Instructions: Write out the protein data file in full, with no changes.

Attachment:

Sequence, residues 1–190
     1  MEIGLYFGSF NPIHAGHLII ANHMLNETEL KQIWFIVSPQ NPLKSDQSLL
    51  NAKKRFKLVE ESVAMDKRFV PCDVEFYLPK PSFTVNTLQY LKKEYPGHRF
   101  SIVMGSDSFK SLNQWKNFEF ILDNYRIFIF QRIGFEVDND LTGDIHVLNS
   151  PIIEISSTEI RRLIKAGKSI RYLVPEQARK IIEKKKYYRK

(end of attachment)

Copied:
Sequence, residues 1–190
     1  MEIGLYFGSF NPIHAGHLII ANHMLNETEL KQIWFIVSPQ NPLKSDQSLL
    51  NAKKRFKLVE ESVAMDKRFV PCDVEFYLPK PSFTVNTLQY LKKEYPGHRF
   101  SIVMGSDSFK SLNQWKNFEF ILDNYRIFIF QRIGFEVDND LTGDIHVLNS
   151  PIIEISSTEI RRLIKAGKSI RYLVPEQARK IIEKKKYYRK